Oceanfront property in middle America


The other night at a popular pub, the wife and I sat down at a high-top table to enjoy our favorite beverages and play a game of cards.

It was at this point that I made my confession. “Honey,” I said almost despondently, “I have Shuffler’s Dysfunction. I am unable to shuffle.”

Looking at me totally shocked she said, “What do you mean you can’t shuffle? You shuffled perfectly well last week. What’s the problem?”

It is at this point in the column that we will travel back in time to one week ago (ethereal music and wavy lines…).

“Honey,” the wife said, “we need new artwork in the stairway.”

“What’s wrong with the art we have?”

“You did it. Don’t take this the wrong way, it’s lovely and basic … very, very, basic. I’m thinking we could find something, well, less basic, maybe even complicated. It should be of an ocean theme to go with our wall color and be framed by an antique window. That way it will look like we’re looking out of the window at the ocean…”

“But there isn’t an ocean around for hundreds of miles. No one is going to believe there is an ocean in our stairway.”

Determined to upgrade our gallery, a trip to Hobby Lobby was made to select a complicated seascape to fool our visitors and guests. A beautiful stretched canvas print was selected, depicting a sandy fence-lined pathway down to the beach. It really was quite lovely and smelled of sea-salt and dead fish.

“This one is perfect,” the wife said. “Now all you have to do is remove it from the canvas frame and staple it onto the back of the antique window I found in a dumpster. Voilà. We’ll have waterfront property just like that.”

The complicated art was purchased and brought home. Upon examination, I inspected the back of the print to see how it was attached to the canvas frame.

Roughly 4,352 micro-staples were deeply embedded into the wooden frame.

So, I began the laborious task of removing staple after staple to free the print from the frame. Using a sharp pocket knife, I was removing one of the last stubborn staples when the knife, under tremendous pressure, collapsed and folded on my thumb, cutting right through my thumbnail almost to the cuticle. I screamed like (in keeping with the ocean theme) a depressed humpback whale.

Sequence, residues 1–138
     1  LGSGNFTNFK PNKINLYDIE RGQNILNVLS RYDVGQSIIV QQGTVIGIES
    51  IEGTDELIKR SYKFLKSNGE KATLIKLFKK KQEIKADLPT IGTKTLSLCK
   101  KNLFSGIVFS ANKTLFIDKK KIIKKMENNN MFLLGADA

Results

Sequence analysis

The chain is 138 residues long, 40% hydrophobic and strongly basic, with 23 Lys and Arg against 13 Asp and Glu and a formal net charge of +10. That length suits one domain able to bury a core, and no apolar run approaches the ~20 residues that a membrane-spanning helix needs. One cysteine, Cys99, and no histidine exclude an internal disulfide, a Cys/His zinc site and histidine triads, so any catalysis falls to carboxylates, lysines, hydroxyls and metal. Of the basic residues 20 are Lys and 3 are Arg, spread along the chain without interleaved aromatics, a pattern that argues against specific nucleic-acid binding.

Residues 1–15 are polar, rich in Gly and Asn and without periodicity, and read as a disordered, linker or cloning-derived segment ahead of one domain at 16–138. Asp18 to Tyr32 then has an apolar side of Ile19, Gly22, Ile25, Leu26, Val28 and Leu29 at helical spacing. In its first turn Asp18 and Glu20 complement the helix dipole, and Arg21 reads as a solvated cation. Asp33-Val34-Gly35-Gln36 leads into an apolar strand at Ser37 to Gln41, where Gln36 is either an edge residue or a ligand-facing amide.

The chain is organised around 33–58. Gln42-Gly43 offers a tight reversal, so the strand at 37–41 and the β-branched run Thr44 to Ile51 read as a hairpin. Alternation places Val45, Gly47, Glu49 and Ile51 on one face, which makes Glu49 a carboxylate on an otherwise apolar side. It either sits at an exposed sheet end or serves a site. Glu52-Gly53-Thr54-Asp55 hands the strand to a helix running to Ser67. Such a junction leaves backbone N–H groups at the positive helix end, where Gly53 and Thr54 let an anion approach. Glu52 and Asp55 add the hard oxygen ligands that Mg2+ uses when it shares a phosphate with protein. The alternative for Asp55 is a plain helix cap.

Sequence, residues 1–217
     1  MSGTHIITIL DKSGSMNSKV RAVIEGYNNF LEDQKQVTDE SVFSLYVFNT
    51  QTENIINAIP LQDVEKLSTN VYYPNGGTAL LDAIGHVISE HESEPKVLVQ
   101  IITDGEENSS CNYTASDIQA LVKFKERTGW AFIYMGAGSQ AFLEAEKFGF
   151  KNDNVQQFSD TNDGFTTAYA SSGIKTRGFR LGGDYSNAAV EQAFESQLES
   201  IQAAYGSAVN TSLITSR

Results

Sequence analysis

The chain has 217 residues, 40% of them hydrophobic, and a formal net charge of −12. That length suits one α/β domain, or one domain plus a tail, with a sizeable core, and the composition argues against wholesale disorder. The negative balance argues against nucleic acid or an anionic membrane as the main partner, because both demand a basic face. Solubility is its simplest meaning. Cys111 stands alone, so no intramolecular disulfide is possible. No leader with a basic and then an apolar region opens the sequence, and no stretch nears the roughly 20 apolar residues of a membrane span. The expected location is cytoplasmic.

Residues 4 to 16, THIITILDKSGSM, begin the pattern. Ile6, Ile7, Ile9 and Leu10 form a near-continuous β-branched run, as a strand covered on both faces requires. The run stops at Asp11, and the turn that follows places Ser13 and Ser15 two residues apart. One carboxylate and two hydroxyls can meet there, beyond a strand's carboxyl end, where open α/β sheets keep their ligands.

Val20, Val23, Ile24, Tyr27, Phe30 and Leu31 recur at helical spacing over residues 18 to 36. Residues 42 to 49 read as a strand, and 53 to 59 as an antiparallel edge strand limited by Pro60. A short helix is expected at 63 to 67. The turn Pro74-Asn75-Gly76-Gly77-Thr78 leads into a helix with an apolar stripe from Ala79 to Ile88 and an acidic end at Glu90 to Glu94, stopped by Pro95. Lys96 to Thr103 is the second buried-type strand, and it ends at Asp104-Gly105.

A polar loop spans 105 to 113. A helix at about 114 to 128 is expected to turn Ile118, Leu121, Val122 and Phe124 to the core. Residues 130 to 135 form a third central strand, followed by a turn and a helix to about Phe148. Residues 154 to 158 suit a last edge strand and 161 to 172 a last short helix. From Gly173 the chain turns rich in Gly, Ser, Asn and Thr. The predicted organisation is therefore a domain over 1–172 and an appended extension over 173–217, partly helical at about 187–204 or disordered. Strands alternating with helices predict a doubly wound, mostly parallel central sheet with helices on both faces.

The wife came running into the sunroom to see what had happened and witnessed a bloody scene. “Don’t bleed on my ocean print,” she screamed. “It will attract sharks and I don’t want any sharks in my picture!”

“I can’t help it. I’m on low-dose aspirin for high blood pressure so I don’t stroke out when I cut my thumb on your dumb pictures.”

“Here’s a bucket. Can you please bleed in that?”

“Grab my belt. I need a tourniquet. Feeling faint … I’m seeing light at the end of a tunnel. I see my dead grandfather … grandfather … grandfather …”

“Perfect,” the wife said inspecting the print, “not a drop of blood on it!”

Well, I did survive the accident and managed to mount the picture on the antique window frame without further injury. It looks wonderful, just like we live at the ocean. I physically get sprayed when I walk by it.

Fast forward one week to the pub (more ethereal music and wavy lines).

“Honey,” I said to the wife, “you are going to have to shuffle the cards. I can’t use my thumb … you know, ocean injury.”

Pulling out an automatic card shuffler she had just ordered for me she said, “This is for your sacrifice, honey. Thank you for my beautiful new picture. Now shuffle those cards.”

Raul Ascunce is a freelance columnist for the Sentinel-Tribune. He may be contacted at [email protected].

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